Kindred Inc. this week announced it will bring to market an AI-powered robotic system designed to automate the small parcel induction process.
Built on Kindred’s proprietary CORE/AutoGrasp artificial intelligence platform, the INDUCT robotic system is a high-speed workcell that identifies items and determines how to handle them, a process known as induction.
The San Francisco-based company said the system accurately picks, maneuvers, and places items onto a moving belt, bomb bay, or tilt sorter. The platform combines AI-powered machine vision, grasping, and manipulation algorithms to handle parcels of varying size, fragility, and materials.
INDUCT system to help address shortages
The INDUCT work cell will help alleviate capacity shortages and increase efficiency at e-commerce and supply chain companies, according to Kindred. It said the system is addressing a critical need for fulfillment providers at a pivotal time.
“Kindred INDUCT is a highly intelligent robotic system that modernizes induction processes so customers can meet the breakneck pace of consumer demand for e-commerce shipments,” said Marin Tchakarov, CEO of Kindred. “The proprietary Kindred CORE/AutoGrasp reinforcement learning platform is continuously improving, becoming smarter, faster, and more efficient as it learns from millions of picks across our fleet of deployed robots every day.”
Starting with a cluttered avalanche of parcels, the INDUCT in-feed system separates items from a chute onto a series of belts, dividing and unstacking pieces into two organized streams.
Taking advantage of motion controls
Using Adaptive Motion Control, two synchronized robotic arms pick up each item at the precise speed and grip required for its shape and weight and place it on a free space on the moving sorter. Built-in scanners capture barcodes as items move down the sorter, regardless of orientation. Kindred said its INDUCT system can:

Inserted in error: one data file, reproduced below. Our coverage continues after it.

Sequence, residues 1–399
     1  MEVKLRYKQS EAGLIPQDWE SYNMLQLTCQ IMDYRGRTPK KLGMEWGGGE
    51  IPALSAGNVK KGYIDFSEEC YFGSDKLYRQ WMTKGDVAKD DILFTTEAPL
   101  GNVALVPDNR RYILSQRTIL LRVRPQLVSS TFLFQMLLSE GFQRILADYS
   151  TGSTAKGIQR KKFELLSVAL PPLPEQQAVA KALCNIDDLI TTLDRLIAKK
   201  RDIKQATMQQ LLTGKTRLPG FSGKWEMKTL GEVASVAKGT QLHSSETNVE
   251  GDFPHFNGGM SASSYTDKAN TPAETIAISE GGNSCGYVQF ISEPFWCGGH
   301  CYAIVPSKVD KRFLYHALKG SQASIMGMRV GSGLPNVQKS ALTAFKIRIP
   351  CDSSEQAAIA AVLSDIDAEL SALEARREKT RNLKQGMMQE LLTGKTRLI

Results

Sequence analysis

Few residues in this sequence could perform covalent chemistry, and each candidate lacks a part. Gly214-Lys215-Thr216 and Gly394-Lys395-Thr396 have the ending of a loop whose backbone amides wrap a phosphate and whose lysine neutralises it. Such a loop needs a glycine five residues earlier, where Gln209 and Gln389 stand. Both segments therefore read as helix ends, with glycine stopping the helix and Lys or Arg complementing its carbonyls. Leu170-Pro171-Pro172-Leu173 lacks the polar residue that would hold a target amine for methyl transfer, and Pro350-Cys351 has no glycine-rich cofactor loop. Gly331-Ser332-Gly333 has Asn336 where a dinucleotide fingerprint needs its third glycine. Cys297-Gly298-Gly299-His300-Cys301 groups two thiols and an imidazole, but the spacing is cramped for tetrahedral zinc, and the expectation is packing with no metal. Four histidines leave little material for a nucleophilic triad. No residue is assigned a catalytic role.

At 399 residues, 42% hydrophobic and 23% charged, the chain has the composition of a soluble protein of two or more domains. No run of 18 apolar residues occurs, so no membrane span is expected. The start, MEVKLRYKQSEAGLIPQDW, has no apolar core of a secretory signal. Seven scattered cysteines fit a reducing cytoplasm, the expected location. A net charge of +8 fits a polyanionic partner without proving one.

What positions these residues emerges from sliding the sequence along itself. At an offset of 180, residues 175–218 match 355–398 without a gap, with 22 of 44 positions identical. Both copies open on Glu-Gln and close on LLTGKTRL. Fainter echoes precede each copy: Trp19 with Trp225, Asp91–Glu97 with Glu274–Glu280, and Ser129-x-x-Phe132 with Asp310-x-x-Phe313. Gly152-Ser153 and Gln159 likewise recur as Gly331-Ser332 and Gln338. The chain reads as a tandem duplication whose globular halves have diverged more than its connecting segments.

Grasp and maneuver items up to 4 kg (8 lb.) with a variety of shapes, surface textures, and materials, both rigid packaging and loose plastic
- Induct with throughput of 1,600 – 2,000 picks per hour (PPH)
- Fit within the confines of most induction workstations with a footprint of 2.7 by 1.4 m (8 ft., 10 in. by 4 ft., 6 in.).
“AI and reinforcement learning are in Kindred’s DNA and embedded in all our products, said Anne Marie Neatham, chief operating officer at Kindred. “Those capabilities enabled us to quickly solve the engineering challenge of automating induction – a more challenging process than picking and sorting due to the unstructured and unpredictable dynamics of handling parcels.”
New algorithms at play
Kindred developed several new algorithms to enable the INDUCT system to accurately achieve sortation, induction, and singulation regardless of the item, dimensions, characteristics, or orientation. Integrated into Kindred’s CORE/AutoGrasp reinforcement learning platform, these capabilities can now be deployed in any future Kindred product, the company said.
Adaptive motion control—Machine vision, grasping, and manipulation algorithms respond to varying characteristics to ensure each item is suctioned with the right strength, moved at the correct speed, and placed with precision.
- In-process bar-code scanning—A five-sided barcode scanning system captures barcodes on each grasped item while the robotic arm is in motion, maximizing throughput by reducing the need to reorientate parcels.
- In-slot detection—Optimal placement is detected on the sorter using vision systems to monitor both upstream and downstream. The workcell will evaluate whether the item should be placed in a single or double tray, select the next available space, and verify placement accuracy, notifying the scan tunnel of any defects.
Numerous INDUCT workcells can perform collaboratively along the same fulfillment line for maximum productivity, said Kindred. Customers can also integrate them with many different communication protocols, customizations, and customer and warehouse management systems (WMS).
Kindred added that its integration team can develop customized screens for cycle reporting, performance statistics, and parameter configuration. The company is part of the Ocado Group, which is based in the U.K.
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